Like the majority of homes built in the first half of the 20th century, the house shown above is eclectic. It is side gabled and has a formal presence in its mass, roof, and almost-centered entry, even though strictly speaking, it's asymmetrical. The shed-style wall dormer occurs at both front and back reinforcing the sense of balance and also mitigates the steep, English-style roof pitch. The entry sidelights, as well as six-over-six windows and shingle siding provide a traditional Colonial Revival feel. At the same time, the rolled roof and unusual hood over the entry take it in another direction entirely. We call it a Banker's Storybook, but other observers might come up with other, equally descriptive labels.
It's usually a matter of how eclectic a house is and what you can see in it. Eclectic residential home styles are often a lot of fun to analyze. It's fun because its style isn't obvious, but it can also be difficult to classify a house that's a hybrid of several different styles. Complicating this further is the subjectivity involved. Most experts don't agree on a classification system, so it's likely you'll get more than one answer if you ask.
The first half of the 20th century was a period of intense design exploration with respect to residential architecture. There were the traditional styles like the Neoclassical and Colonial Revival that included mansions and Cape Cod cottages.
The Arts & Crafts Movement begat Craftsman and bungalow architecture. There were also the cutting edge designs like the Prairie School and Art Moderne, and the cultural adaptations that drew on regional precedents like Mission Revival. A shrinking world and World War I influenced residential architecture by drawing on European design traditions including the English Cottage, French country house, and Italian villa.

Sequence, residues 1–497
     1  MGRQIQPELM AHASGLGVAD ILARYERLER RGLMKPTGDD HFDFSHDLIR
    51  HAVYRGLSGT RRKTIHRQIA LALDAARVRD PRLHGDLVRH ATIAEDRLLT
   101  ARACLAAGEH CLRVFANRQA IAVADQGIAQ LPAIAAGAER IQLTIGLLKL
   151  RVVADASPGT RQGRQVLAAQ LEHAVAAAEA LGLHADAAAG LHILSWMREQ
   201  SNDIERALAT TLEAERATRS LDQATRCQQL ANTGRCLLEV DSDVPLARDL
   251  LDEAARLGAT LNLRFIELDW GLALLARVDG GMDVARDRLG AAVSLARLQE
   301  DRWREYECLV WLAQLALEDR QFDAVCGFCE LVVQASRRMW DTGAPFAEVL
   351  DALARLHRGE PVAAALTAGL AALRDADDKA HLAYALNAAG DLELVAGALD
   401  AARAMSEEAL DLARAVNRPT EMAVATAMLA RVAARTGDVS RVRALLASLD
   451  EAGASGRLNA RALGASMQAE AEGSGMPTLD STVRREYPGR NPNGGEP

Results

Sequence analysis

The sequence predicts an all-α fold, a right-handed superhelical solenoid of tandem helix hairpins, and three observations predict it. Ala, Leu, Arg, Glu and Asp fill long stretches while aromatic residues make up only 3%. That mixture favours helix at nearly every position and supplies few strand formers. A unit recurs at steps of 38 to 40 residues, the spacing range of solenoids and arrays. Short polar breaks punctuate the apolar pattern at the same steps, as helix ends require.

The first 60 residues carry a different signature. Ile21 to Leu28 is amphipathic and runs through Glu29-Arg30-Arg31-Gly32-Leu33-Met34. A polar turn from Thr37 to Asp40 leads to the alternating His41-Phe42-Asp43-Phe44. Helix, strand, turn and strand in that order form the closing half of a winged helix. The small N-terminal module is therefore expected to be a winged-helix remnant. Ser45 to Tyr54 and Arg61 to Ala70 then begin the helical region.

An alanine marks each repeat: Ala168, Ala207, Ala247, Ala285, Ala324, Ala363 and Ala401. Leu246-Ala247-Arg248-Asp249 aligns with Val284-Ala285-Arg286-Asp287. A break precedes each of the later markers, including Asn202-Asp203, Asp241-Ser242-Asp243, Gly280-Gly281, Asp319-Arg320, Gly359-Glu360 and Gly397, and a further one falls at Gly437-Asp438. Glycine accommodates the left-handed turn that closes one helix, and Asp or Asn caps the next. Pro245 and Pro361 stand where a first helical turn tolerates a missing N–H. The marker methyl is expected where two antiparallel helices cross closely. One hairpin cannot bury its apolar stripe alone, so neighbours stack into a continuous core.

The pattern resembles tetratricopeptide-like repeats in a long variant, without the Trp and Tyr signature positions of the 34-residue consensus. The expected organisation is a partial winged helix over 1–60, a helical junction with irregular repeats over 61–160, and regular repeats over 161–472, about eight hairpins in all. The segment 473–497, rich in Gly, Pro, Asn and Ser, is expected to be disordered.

Science and technology played a role as well. Efficiency in design reduced housework (fewer steps, 'twas advertised at the time) and new tools, made available by the delivery of electricity, fundamentally changed the way Americans designed their homes.
Against this backdrop, it's easy to understand how eclectic design occurred. It's not a satisfying answer though if you're trying to determine the style of your home. This also doesn't begin to address the changes introduced by remodeling, which may not be easily identified. The truth is the majority of homes are a mix of styles.
To tease apart the various design elements, start with the shape of the house and the pitch of the roof. Steeply pitched roofs are seen on English cottages and French Revival style homes, for example. Symmetrical houses —that is, one side is a mirror image of the other — are often more formal and usually more traditional. Identify the shape of the house and the style of the roof (hipped, gable, or gambrel?). Materials can be key identifiers too. Stucco siding is often seen on Mission Revival and English Cottage or Tudor-style houses.
Ultimately, it's the predominance of a particular set of elements like shape, roof pitch and type, and symmetry (or asymmetry) that establish the essential style. It's often the ornamentation and decorative elements that confuse the issue. Like cake and frosting, you may find that by separating them it's easier to identify your house as a Mission Revival (cake) with Storybook details (frosting).
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